By means of an "electromagnetic survey," ruins were recently discovered at the Fayyum oasis consisting of a network of walls and roads similar to those constructed during the Greco-Roman period. The city's foundations are being exhumed from beneath the sand, along with foundations of ovens and grain stores. The ruins consist of the remains of walls and houses made of dressed limestone, as well as large quantities of pottery, and dates are ranging around 7,000 B.P. (Egyptology Online)

Evidence of early settlements in Egypt where agriculture was practiced has been discovered in the north at Fayyum A and Merimda (Bard, 1994). The Fayyum A sites may represent one of the oldest Epipaleolithic economies in Egypt (see time-line above), and one that was at least partially based on cereal cultivation (Wenke et al., 1988). All the "official" king-lists have "kings" (chieftains?) ruling at this time.


Beginning just before the Predynastic period, Egyptian culture, in many ways, was already beginning to resemble the Pharaonic ages that would come soon afterward. In a transition period of a thousand years (about which little is still known), nearly all the archetypal Egyptian characteristics had appeared; and beginning in 5,500 B.C. we find evidence of organized, permanent settlements focused around agriculture and cattle herding.

The people who are believed to be the ancestors of the predynastic Egyptians were a people known as the Badarian people, who had settled in Upper Egypt on the eastern bank of the Nile near the village of Badari. Archeologists have found a series of occupational sites as well as numerous cemeteries. The Badarian people practised the cultivation of grain and domesticated certain animals. They founded numerous small villages in the flat desert near the fertile plain created by the Nile, and burial grounds were located on the outskirts of these villages.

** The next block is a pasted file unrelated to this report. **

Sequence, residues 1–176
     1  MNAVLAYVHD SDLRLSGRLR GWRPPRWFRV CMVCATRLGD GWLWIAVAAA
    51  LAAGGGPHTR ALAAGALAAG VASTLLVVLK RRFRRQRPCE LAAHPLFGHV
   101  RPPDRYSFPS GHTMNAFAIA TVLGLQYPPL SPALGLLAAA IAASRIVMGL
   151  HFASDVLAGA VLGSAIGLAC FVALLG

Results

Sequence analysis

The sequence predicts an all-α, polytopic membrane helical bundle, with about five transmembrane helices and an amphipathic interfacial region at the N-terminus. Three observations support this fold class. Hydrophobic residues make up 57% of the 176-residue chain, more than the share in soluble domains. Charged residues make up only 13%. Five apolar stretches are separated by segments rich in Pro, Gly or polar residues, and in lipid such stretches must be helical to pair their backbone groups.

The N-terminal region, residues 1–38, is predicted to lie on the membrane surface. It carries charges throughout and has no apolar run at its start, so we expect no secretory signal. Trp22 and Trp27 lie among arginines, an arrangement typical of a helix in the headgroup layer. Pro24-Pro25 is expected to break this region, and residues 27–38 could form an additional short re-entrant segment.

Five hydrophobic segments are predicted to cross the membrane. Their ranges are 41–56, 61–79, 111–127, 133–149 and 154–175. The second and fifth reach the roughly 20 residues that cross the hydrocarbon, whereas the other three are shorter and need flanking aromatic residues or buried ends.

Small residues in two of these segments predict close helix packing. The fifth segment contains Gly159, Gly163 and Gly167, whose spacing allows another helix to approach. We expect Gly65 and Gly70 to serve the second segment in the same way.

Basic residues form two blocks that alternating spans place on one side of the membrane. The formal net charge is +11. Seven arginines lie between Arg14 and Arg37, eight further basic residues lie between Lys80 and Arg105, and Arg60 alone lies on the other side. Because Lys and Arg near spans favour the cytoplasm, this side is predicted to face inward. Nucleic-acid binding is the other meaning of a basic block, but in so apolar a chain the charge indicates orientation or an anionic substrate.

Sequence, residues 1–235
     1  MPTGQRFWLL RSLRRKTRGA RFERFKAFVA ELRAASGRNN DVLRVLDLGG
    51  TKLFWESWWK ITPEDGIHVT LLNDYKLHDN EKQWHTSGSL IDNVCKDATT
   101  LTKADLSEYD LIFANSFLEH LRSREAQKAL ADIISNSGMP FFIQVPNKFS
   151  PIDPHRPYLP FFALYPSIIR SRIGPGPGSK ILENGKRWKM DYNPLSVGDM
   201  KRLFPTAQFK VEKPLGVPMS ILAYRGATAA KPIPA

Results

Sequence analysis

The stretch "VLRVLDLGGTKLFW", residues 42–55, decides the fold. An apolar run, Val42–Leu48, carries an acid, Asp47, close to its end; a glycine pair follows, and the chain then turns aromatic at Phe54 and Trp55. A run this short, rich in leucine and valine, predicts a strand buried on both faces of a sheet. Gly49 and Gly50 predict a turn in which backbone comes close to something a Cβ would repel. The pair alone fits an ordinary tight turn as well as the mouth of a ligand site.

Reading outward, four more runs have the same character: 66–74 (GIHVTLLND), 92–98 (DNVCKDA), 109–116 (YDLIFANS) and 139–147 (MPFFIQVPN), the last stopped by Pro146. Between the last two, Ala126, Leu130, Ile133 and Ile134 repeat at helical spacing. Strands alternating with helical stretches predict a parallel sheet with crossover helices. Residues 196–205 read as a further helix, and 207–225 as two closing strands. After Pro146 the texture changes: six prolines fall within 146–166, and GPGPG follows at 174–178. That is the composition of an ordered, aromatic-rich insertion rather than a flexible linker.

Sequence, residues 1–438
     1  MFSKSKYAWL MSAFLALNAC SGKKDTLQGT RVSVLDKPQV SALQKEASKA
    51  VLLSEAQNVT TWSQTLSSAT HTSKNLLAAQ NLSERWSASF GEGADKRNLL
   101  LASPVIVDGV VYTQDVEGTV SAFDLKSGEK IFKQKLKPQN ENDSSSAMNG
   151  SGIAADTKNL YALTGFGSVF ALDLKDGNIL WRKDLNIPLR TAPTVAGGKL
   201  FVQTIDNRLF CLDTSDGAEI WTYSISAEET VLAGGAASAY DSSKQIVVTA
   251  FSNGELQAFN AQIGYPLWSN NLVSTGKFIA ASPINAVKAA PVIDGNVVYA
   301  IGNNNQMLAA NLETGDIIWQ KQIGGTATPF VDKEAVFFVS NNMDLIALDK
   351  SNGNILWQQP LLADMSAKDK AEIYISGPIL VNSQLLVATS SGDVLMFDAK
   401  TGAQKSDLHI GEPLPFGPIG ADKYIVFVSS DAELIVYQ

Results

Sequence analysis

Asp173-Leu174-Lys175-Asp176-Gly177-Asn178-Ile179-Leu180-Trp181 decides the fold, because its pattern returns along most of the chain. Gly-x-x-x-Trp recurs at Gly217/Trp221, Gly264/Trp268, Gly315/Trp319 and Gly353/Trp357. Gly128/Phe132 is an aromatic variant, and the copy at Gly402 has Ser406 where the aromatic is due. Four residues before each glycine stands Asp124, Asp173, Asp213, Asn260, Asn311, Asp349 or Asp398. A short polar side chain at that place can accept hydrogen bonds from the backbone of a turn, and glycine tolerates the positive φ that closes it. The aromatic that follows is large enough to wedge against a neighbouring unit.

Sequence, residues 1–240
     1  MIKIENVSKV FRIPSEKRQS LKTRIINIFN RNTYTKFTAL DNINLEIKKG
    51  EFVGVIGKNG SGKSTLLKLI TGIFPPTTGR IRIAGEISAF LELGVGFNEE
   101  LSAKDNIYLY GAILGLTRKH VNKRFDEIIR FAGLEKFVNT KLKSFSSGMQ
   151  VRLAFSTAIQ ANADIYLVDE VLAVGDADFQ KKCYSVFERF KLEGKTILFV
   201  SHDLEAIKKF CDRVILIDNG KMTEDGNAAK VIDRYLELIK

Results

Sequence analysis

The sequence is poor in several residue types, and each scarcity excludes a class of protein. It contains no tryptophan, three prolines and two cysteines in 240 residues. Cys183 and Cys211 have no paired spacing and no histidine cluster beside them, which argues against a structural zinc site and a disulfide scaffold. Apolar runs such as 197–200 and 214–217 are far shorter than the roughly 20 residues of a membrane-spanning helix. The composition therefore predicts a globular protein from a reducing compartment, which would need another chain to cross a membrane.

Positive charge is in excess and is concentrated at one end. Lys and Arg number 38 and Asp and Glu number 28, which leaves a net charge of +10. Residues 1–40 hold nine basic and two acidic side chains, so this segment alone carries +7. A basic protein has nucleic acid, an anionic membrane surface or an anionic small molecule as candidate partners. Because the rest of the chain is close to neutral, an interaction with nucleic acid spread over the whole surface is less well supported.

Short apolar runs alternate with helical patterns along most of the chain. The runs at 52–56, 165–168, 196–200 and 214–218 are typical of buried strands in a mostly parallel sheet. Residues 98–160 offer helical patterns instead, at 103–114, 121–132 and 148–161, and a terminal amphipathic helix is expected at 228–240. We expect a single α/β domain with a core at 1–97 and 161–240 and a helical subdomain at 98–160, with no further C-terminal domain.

Throughout most of its predynastic history Egypt encompassed a multiplicity of settlements which gradually became small tribal kingdoms. The Chalcolithic or "Copper" (also called the "Primitive") period, marks the beginning of the Predynastic cultures in both the north and south of Egypt. These kingdoms eventually evolved into two loosely confederated states, later known as Upper and Lower Egypt.


EARLYNAQADA I4,500-4,000
Rough approximation of Protodynastic Timeline

Somewhere around 4,500 B.C. is the start of the Early Predynastic period known as the Amratian, or simply as Naqada I, as most of the sites from this period date to around the same time as the occupation of the Naqada site. The Naqada culture in the south and the Maadi culture in the north evolved in Egypt, both of which practiced agriculture. (Bard, 1994) However, such a statement tends to obscure agriculture processes and experiments in farming that were occurring millennia earlier (Butzer ,1990).

The Middle stage of the Predynastic period began around 4,000 B.C. and is often called the Gerzean period or Naqada II. Amratian and Gerzean are vastly different from one another, and one can see the growing influence of the peoples of the North on those of the South. This would soon result in a truly mixed people and culture, that of the Late Predynastic, or Naqada III.

The Late stage of the Predynastic period began around 3,500 B.C., which is that which immediately preceded the famed First Dynasty, and the unification of Upper and Lower Egypt under one ruler known as king Menes. Dates given by various authorities for this supposed event range from 3,000-3,400 B.C. However, some believe that kings Narmer and Menes were two different individuals, and that "unification" may have taken place a little earlier under king Narmer.

An Egyptian mace head, symbol of rulership, was found by archeologists Quibell and Green during their expedition of 1897-98 in the main deposit at Hierakonpolis. This main deposit also contained other artifacts from the Predynastic and Early Dynastic Periods, among them a long narrow vase also showing the name of king Scorpion. Was this king Scorpion's mace head?